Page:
Choroidal microvascular dropout may be much higher in patients with primary open-angle glaucoma (POAG) than in those with primary angle-closure (PACG) or pseudoexfoliation glaucoma (PXG) in the early stages, but there appears to be no differences between the groups in advanced stages, a recent study in the Journal of Glaucoma suggests.

Using OCT angiography, researchers from Korea imaged the choroid of 186 eyes of 186 patients matched by age and visual field mean deviation (MD). The study compared the choroidal microvascular dropout among glaucoma types in early and moderate-to-advanced disease, as divided by visual field MD. Additionally, the researchers looked for associations between glaucoma type and the presence of choroidal microvascular dropout.

In the early disease stages, the prevalence of choroidal microvascular dropout was significantly different between glaucoma types, and highest in POAG at 46.3%, followed by PXG at 25% and PACG at 7.5%. However, its prevalence didn’t differ significantly between the types in moderate-to-advanced disease: POAG, 81%; PXG, 68.2%; and PACG, 59.1%.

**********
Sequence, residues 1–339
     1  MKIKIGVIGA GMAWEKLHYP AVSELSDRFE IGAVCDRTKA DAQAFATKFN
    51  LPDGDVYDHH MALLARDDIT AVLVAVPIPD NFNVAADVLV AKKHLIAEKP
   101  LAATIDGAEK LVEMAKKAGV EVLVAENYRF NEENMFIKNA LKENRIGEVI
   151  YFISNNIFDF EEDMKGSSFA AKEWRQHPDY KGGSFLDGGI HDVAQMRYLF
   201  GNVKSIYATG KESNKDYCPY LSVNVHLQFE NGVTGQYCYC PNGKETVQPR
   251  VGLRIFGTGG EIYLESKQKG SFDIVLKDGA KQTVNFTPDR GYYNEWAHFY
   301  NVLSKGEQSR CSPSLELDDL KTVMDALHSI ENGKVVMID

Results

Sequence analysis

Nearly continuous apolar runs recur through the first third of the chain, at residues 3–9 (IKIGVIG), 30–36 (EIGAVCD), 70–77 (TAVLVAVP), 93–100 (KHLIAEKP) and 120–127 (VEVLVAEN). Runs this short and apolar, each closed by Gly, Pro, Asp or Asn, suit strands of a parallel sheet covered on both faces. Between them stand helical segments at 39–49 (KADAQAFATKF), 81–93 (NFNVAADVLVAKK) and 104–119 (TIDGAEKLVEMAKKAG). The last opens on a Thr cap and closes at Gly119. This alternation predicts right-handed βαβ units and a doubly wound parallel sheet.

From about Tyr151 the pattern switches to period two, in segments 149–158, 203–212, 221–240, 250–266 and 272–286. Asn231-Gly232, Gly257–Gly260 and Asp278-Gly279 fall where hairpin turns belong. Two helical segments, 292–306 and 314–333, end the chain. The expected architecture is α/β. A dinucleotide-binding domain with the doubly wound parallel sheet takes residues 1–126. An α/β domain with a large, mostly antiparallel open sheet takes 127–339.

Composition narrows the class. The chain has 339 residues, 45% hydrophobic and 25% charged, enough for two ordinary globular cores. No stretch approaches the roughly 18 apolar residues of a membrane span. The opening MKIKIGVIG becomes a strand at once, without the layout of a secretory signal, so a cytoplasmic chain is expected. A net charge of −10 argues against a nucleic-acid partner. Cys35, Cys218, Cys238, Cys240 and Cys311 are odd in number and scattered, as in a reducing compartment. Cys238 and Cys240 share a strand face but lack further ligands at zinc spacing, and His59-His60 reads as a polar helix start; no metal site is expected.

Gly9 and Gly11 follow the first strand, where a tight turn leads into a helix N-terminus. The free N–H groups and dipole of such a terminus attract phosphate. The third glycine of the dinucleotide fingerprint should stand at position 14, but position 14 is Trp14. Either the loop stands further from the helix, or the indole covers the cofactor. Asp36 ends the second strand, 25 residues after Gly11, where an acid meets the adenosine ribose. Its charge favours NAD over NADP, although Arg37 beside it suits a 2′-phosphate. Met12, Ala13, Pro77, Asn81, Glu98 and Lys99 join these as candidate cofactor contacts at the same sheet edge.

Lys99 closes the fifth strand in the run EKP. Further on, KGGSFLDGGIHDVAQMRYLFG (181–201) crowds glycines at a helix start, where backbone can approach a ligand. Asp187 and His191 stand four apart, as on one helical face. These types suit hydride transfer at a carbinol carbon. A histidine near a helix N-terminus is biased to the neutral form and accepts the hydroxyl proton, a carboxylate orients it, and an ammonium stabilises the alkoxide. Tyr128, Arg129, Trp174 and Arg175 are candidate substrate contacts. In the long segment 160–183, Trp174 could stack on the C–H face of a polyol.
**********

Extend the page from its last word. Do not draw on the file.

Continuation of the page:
Additionally, after adjusting for age, gender, peripapillary atrophy/disc ratio and glaucoma severity, the choroidal microvascular dropout odds ratio was 7.5 times greater in POAG than in PACG.

The study’s findings suggest a role for ischemic injury in the pathogenesis of POAG, the researchers noted.

Jo YH, Sung KR, Shin JW. Comparison of peripapillary choroidal microvasculature dropout in primary open-angle, primary angle closure and pseudoexfoliation glaucoma. J Glaucoma. September 3, 2020. [Epub ahead of print].